At first glance, Dodow (GetDodow.io), the visual cues-based sleep-aiding gadget, looks just like one of those dime-a-dozen contraptions that are promoted through a suspicious-looking website, are surprisingly expensive and promise results that are too good to be true, even at first glance.
Obviously, 100% of such gadgets fail to deliver on those lofty promises.
Fortunately, Dodow seems to be the odd one out in this regard. What is it exactly, how does it work, what does it aim to accomplish and what do users say about it?
Let us start with the beginning and establish exactly what Dodow is.
Dodow is essentially a small, battery-powered gadget, which casts rhythmic light onto the ceiling, based on which the user is required to perform some extremely simple breathing exercises.
The glowing light is of the color blue (more on this seemingly counterproductive feature below), and it makes a growing/shrinking halo pattern on the ceiling. The user is required to breathe in as the halo grows and to breathe out as it shrinks.
The Dodow is solely battery-powered, meaning that it does not come with a power cord. It is indeed a very simple device which can be placed on any nightstand and turned on through a simple touch.
As far as extra features go, it is dimmable, which means that the intensity of the light it emits can be varied to accommodate different room-heights and to keep the room as dark as one wants it to be to avoid disturbing sleeping partners.
The gadget comes with two sleep modes: an 8-minute one and 20-minute one. Tapping the device once starts the 8-minute program, while tapping it twice launches the 20-minute one (ideal for those who really do find it extremely difficult to fall asleep).
Dodow will also turn itself off automatically, so it won’t have any sort of further impact on sleep, after the user falls asleep.
The bottom line in this regard is that Dodow is indeed a simple device, which uses a rather simple approach to combat insomnia. Whether or not it works as advertised though, is a different question.
Dodow Video – How it Works?
What exactly does it promise?
By following the visual cues delivered by the device, the user will have his/her breathing taken from 11 per minute to 6 per minute.
Above and beyond that, the device is indeed advertised as an “all-in-one solution,” which combines a bunch of different approaches, such as chromatherapy, meditation, yoga, and behavioral cognitive therapy.
In regards to the effects it elicits, Dodow allegedly addresses insomnia first and utmost – whatever its causes may be. Its ultimate goal is to trigger long-term sleep-related behavioral changes in its users, due to which, insomnia sufferers will eventually be able to fall asleep without the aid of the device.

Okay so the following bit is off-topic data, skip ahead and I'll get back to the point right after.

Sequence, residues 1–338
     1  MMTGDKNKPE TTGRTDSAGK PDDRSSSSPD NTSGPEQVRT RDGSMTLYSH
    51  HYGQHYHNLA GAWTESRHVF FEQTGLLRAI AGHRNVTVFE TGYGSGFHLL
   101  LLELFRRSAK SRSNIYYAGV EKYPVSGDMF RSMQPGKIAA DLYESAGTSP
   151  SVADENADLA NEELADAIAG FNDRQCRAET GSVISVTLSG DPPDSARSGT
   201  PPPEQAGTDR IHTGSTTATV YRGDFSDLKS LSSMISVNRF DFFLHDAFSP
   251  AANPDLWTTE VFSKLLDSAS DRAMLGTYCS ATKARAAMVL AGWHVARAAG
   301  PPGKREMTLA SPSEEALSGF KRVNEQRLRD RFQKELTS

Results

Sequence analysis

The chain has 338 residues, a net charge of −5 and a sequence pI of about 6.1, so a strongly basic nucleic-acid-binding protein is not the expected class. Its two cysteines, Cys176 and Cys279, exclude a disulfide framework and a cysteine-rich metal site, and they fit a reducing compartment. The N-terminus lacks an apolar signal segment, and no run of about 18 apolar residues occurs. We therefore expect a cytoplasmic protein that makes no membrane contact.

Dodow is said to be equally effective for insomnia whether it takes an acute form (such as jet lag-related insomnia), or a chronic one.
According to the promotional video available on the official Dodow website (getdodow.io), users of the device find themselves falling asleep 2.5 times quicker – according to a study in which some 300 users took part.
Does science back any of these claims?
Do Dodow’s rather ambitious claims hold any water from a scientific perspective though?
Interestingly, despite what you may have heard about blue light and sleep (namely that the former is the enemy of the latter – when emanating from TVs and phone screens), there is some research out there which shows that mild blue light – of the type used by Dodow – is in fact beneficial.
Furthermore, color therapy is in fact sometimes used to treat insomnia. Apparently, as the different colors are perceived by the eyes and the brain, they lead to the release of certain hormones, depending on the color (which is essentially light – and thus energy – of a given wave-length).
Thus, the color red has a stimulating effect on the adrenal gland, leading to increasing pulse rates and blood pressure.
Blue on the other hand is thought to have a calming effect – and that does indeed fit in well with DoDow’s narrative.
The DoDow website
At first glance (and even at second glance), the official website of the product looks exactly like one of those dime-a-dozen attempts to get people to part with their money while picking up an entirely useless product.
As expressed above though, that does not seem to be the actual case with this gadget.
Still, the website looks quite unimpressive, with a suspicious popup notification letting visitors know when someone from some US state allegedly buys one of the Dodows.